Dr. Bruce McClung, An American Music Scholar

Dr. Bruce McClung, An American Music ScholarBruce Auld, a former Sierra Sands Unified School District Superintendent, is writing the history of Burroughs High School. The articles that are being published are excerpts from his upcoming book, exclusive to The News Review. Excepted From the University of North Carolina, Greensboro Website and numerous interviews with Dr. McClung:

“Provost Dunn has announced the new dean for the College of Visual and Performing Arts, Dr. Bruce McClung. An American music scholar, Dr. McClung’s book Lady in the Dark: Biography of a Musical won an ASCAP Deems Taylor Award, the Kurt Weill Prize and the Music Library Association’s George Freedly Award, Special Jury Prize. The Society of American Music presented Dr. McClung with its Lifetime Achievement Award in 2018. While at the University of Cincinnati, Dr. McClung received the Mrs. A. B. “Dolly” Cohen Award for Distinguished Excellence in Teaching and the Graduate School’s Excellence in Doctoral Mentoring Award and was elected to the Academy of Fellows for Teaching and Learning.”

Winnie Teeter of Ridgecrest was Bruce’s first organ teacher. At age 16, Bruce was awarded a scholarship from the China Lake All Faith Chapel to study with Ray Blume, the Chapel organist and Naval Weapons Center (NWC), China Lake scientist. During his senior year at Burroughs, Bruce studied organ at the University of Redlands.

The summer between his junior and senior years, took Bruce on a road trip to the University of Rhode Island and it did not involve playing the organ. A credit to his intellectual versatility, Bruce was selected to attend a summer program sponsored by the National Science Foundation in “controlled computer experimentation.” He learned FORTRAN. In his senior year at Burroughs, Bruce taught basic computer programming with math teacher Gary Thigpen. He also was a work study student with NWC mathematician, Dr. Bill Alltop, applying his FORTAN skills to radar tests at China Lake.

Bruce’s parents, Rod and Lorraine McClung, arrived at China Lake in January 1946, sharing a duplex wall with Howard and Barbara Auld. “Rod, a CalTech graduate in electrical engineering and China Lake pioneer, was fresh out the Army Air Corps at the end of World War II. Home prices in Los Angeles were the astronomical sum of $10,000 and I had very few pennies to my name. The position offered me here at China Lake appeared quite attractive since housing was available. An old duplex including furniture and utilities cost $31 a month.” (Rod McClung interview with China Lake historian, Liz Babcock) Rod’s career at China Lake is very well documented in Liz Babcock’s Magnificent Maverick’s and Cliff Lawson’s The Station Comes of Age. Bruce recalls his dad’s work on the Sidewinder Missile and rescuing the Philippines from drought with his contributions in support of Gromet II (cloud seeding). Rod also served on the SSUSD Board of Education in the 1970s.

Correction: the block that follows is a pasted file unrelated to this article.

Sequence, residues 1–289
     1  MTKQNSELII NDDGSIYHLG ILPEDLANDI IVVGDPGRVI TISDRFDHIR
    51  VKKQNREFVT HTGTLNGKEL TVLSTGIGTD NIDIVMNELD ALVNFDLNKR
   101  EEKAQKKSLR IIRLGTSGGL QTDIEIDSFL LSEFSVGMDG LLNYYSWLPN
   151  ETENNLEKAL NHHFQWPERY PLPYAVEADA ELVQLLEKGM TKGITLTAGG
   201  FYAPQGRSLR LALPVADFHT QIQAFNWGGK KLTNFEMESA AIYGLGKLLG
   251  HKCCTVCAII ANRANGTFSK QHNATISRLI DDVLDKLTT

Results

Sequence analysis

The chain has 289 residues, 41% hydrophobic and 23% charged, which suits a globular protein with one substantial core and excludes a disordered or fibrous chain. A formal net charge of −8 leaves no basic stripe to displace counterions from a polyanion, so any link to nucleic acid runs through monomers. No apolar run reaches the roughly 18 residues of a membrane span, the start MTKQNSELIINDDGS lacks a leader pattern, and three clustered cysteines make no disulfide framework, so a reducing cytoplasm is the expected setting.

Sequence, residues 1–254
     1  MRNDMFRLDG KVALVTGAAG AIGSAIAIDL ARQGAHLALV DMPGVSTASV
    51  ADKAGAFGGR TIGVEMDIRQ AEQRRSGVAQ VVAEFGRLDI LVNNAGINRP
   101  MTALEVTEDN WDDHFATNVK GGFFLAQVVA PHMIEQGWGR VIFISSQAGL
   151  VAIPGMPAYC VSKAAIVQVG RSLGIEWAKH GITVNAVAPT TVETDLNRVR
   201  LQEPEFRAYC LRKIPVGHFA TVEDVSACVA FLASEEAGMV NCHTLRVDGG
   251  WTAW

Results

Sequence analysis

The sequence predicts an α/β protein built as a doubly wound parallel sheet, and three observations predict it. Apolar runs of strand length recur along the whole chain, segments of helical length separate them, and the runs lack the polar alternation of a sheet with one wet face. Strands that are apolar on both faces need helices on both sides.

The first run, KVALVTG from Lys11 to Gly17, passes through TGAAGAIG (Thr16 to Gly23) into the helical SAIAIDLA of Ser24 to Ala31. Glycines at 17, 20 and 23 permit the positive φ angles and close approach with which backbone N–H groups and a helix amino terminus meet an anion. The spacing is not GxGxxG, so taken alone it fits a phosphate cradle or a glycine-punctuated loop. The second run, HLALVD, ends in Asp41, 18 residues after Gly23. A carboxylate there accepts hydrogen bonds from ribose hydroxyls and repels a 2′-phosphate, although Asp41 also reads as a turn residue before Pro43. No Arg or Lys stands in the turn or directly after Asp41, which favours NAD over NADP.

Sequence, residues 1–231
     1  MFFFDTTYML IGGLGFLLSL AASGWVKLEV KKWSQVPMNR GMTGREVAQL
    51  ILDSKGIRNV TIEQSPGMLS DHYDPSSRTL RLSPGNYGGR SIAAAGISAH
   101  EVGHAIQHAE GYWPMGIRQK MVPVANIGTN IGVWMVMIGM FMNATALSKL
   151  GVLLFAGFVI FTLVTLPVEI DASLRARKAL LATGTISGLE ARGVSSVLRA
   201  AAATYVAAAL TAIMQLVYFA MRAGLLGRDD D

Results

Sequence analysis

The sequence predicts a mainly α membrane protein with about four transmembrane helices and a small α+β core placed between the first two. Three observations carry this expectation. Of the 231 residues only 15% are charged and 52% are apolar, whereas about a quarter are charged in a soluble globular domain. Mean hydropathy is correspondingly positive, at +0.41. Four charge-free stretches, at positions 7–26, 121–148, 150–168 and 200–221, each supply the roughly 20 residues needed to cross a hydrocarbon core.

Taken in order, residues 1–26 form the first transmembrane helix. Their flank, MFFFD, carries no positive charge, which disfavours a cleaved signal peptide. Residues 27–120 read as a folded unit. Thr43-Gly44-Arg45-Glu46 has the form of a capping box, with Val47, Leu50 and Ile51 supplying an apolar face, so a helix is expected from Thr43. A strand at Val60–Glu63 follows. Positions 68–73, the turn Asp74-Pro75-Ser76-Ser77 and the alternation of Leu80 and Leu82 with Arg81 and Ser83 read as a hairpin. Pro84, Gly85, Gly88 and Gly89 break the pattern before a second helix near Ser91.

Bruce’s mother, Lorraine, was just as busy as Rod, making major contributions to the China Lake way of life. “My fondest memory of Lorraine is from the days when she and I would meet at her house in connection with American Association of University Women’s (AAUW) 7th edition (1967) of the Indian Wells Valley Handbook. She was always very generous with her time, which was often punctuated by phone calls from people soliciting her advice on one or another of her many causes. When I knew her, she was pretty much running the community. She served on the boards of numerous organizations, including AAUW, WACOM, the League of Women Voters, the China Lake Park Commission and the Desert Community Orchestra Association. The Maturango Museum gifted her a life membership in 1979. Lorraine was also active with the Desert Art League and the Historical Society of the Upper Mojave Desert, where Lorraine created the original logo. She was an avid painter of desert scenery.” (Liz Babcock)

Bruce’s sister, Barbara (BHS 1973), earned her law degree in 1987 from the University of Pennsylvania. She has served as general counsel for several California Bay Area biological science corporations.

After graduating from Burroughs (1979), Bruce first studied music for one year at the University of the Pacific, Stockton, CA. He earned a baccalaureate degree from the New England Conservatory and a Ph. D. in musicology from the University of Rochester’s Eastman School of Music. “Bruce is currently writing a history of music at the “Fair” titled The World of Tomorrow: Music and the New York World’s Fair, 1939/1940.” (The New York Public Library)

Dr. McClung has had a long and distinguished career as a church organist, starting in 1981 with the Trinity Episcopal Church in Canton, Massachusetts. The summer of 1983 took Bruce to Croydon, England to study with Christopher Herrick, then the organist of Westminster Abbey.

In 1996, Bruce became the organist at Trinity Episcopal Church in Lawrenceburg, Indiana, temporarily retiring with his move to Greensboro, North Carolina. A church organist for over forty years, Bruce is focusing on his dean duties for now. Bruce played alto saxophone for four years at Burroughs.

Bruce video recorded the Burroughs Alma Mater, recently re- arranged by Bruce Rockwell (BHS 1981), on organ for an upcoming article. A forever gift to many generations of Burros. Thank you Dr. McClung.

Editor’s Note

In former years Dr. McClung’s mother, Lorraine McClung, wrote a popular weekly column for The News Review.

Courtesy photo: Dr. Bruce McClung playing the Burroughs, Alma Mater on a pipe organ at the University of North Carolina, Greensboro.

Story First Published: 2021-12-10